After discovering the signs and dangers of dehydration, the children learned to make a “special drink” to prevent and combat it. With a home-made measuring spoon, they measured the right amounts of sugar and salt in a glass of water. To be certain the Special Drink they’d made was safe, they asked the blind girl to taste it, and make sure it was “no saltier than tears.”

New Perspectives on ‘Inclusion and Exclusion’

While the children in the workshop were engaged in all these discovery-based activities, a crowd of village children peered in through the windows, wide- eyed with curiosity.I thought this “window watching” audience was a great way to spread the new ideas to more children. Unfortunately one of the teachers in our workshop angrily tried to run the window-watching local children away. This led to an eye-opening discussion about the importance of an “open door policy” to “inclusive education,” and the value of letting “outsiders” observe.

The Nutrition Activity

The Nutrition Activity began by teachers asking the children if they think it is dangerous for a baby to be “too thin” - and how they can find out which babies might be at risk.

In preparation for the Nutrition Activity, facilitators in that group had made a batch of cardboard babies for the children in the workshop to practice measuring which babies were “too thin.” The goal was that afterwards, with the help of their teachers, they could conduct their own survey of “under-fives” in their village, and look for solutions to help those who are “too thin” put on weight.

To give realistic measurements to the arms of the cardboard babies, the facilitators taped padding on the back of the babies’ forearms.

Here the children in this activity carefully make their arm-measuring strips. …

… They measured and colored the strips into three zone, to indicate which infants and toddlers are “too thin,” (red), “marginal” (yellow), and “OK” (green). The yellow “marginal” band falls between 12.5 and 13.5 cm.

Here a boy helps a blind girl make a “measuring string” with the same 3 zones marked by knots, so she can measure arm circumference by feeling the knots. This is a good example of the way the children learn to work together and look for ways to adapt to each child’s special needs.

Now the children begin to measure the cardboard babies and record their findings. This plump baby measures in the green. …

… And this skinny baby measures in the red.

After measuring all the babies, the children use match boxes to make a 3-dimensional graph of their “survey” findings. They color the ends of match boxes—red, yellow, or green—according to their findings for each baby. The baby that this boy measured was “too thin.” His match box is red.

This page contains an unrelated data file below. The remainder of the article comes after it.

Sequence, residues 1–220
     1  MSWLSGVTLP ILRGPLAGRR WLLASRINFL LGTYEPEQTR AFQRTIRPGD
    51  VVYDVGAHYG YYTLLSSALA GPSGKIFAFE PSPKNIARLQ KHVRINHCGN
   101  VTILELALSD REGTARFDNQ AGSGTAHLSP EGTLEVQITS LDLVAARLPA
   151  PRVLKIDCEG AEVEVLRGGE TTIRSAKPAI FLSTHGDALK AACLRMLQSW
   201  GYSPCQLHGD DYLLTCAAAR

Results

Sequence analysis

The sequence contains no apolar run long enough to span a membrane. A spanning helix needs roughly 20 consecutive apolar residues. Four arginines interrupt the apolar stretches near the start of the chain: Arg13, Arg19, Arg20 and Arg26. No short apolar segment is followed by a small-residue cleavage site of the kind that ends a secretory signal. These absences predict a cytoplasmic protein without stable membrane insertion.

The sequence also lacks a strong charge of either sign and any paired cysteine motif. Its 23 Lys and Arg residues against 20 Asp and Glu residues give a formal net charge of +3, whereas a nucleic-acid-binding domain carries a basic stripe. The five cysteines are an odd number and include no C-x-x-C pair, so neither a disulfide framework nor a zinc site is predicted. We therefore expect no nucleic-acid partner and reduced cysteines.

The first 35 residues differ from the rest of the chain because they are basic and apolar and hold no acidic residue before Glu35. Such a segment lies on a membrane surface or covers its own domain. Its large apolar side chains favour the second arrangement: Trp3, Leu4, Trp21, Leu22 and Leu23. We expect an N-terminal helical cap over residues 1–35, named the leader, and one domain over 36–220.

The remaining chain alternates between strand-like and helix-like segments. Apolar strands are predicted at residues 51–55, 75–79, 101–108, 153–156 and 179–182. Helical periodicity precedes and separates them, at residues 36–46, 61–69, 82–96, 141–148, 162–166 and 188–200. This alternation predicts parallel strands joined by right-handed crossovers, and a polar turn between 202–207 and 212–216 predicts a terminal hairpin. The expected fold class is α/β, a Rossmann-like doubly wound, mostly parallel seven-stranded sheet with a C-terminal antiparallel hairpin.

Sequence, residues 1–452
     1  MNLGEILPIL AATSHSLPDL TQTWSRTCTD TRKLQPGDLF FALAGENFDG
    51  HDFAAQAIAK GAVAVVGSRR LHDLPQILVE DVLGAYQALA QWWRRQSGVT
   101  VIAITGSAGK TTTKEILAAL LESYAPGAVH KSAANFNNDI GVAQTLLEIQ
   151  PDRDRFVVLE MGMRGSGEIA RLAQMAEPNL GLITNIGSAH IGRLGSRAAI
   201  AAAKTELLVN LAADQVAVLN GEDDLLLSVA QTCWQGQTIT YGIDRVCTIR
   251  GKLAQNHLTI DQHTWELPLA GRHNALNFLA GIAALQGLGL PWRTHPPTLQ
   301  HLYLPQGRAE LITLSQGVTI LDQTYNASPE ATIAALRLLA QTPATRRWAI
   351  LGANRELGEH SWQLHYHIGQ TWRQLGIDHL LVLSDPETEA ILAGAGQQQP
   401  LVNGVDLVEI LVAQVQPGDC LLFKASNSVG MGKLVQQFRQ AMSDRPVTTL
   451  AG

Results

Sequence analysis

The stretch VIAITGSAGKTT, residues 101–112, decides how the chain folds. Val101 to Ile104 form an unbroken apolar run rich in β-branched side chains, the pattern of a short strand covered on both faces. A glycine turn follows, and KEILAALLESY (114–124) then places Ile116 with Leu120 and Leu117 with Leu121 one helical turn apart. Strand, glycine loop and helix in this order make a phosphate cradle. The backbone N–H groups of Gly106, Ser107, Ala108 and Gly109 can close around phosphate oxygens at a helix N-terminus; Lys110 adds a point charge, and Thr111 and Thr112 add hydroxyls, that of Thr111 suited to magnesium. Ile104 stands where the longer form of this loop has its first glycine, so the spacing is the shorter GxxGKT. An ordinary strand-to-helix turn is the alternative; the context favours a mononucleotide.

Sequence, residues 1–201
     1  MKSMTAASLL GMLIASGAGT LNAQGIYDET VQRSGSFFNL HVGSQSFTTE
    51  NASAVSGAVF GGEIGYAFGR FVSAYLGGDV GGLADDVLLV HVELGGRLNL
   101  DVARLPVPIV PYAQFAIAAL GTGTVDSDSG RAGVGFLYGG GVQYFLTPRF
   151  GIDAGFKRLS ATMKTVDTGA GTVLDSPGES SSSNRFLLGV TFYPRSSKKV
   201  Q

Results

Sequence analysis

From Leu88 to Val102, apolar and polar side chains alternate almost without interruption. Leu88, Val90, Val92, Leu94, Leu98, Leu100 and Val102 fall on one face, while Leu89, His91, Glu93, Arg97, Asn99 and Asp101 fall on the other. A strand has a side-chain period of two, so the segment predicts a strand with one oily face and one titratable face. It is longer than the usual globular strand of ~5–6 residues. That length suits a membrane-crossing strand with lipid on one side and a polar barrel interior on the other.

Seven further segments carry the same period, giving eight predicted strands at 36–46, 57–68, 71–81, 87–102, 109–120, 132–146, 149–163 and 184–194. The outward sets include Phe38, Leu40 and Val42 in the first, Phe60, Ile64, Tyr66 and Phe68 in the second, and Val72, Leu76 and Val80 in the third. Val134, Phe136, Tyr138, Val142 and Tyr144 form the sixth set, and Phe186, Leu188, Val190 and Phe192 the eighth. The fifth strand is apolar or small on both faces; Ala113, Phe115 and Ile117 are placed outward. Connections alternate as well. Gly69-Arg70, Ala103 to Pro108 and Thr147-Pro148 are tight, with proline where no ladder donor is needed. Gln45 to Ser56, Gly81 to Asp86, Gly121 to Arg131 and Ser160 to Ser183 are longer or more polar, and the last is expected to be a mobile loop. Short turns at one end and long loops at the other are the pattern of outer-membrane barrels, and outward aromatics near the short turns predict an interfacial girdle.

By stacking the matchboxes in 3 columns, the children create their “graph” showing the nutritional status of the babies they measured. Later, with the help of their teachers, they can conduct a real survey of the under-five babies in their communities. Then they make an effort to see that the “too thin” babies get high-calorie snacks and eat more often. Then they can repeat their study to see if fewer are too thin. In this way, schoolchildren can make a real contribution to child health in their communities.

Identifying and Helping Children Who don’t See Well

In this activity the children learn to test one another’s vision. Later, at school, these 6th graders can test the vision (and hearing) of 1st graders who are just entering school.

When they identify a child who can’t hear or see well, the children can think of simple ways to make sure that child is not left out, like having her sit up front where she can see the blackboard or hear the teacher better. Or perhaps a friendly child can sit next to the one who can’t see or hear well, and make sure she understands. It is important that these ideas for inclusion come from the group of children, challenging their creativity and imagination.

In this visual testing, the children made sure to fully involve those with disabilities. Here the girl with short stature tests the vision of a deaf boy.I loaned her my walking stick to point to the letters.

A Role-Play About Inclusion in the Classroom

This improvised role play, performed by both the adults and children in the workshop, portrays a teacher who makes no effort to include a child who is blind, until the other pupils, led by a child who is physically disabled, insist she make a greater effort to include the blind child, and treat him with respect. For the benefit of deaf persons present–including the deaf boy who acted the blind one–the sign-language interpreter translated everything.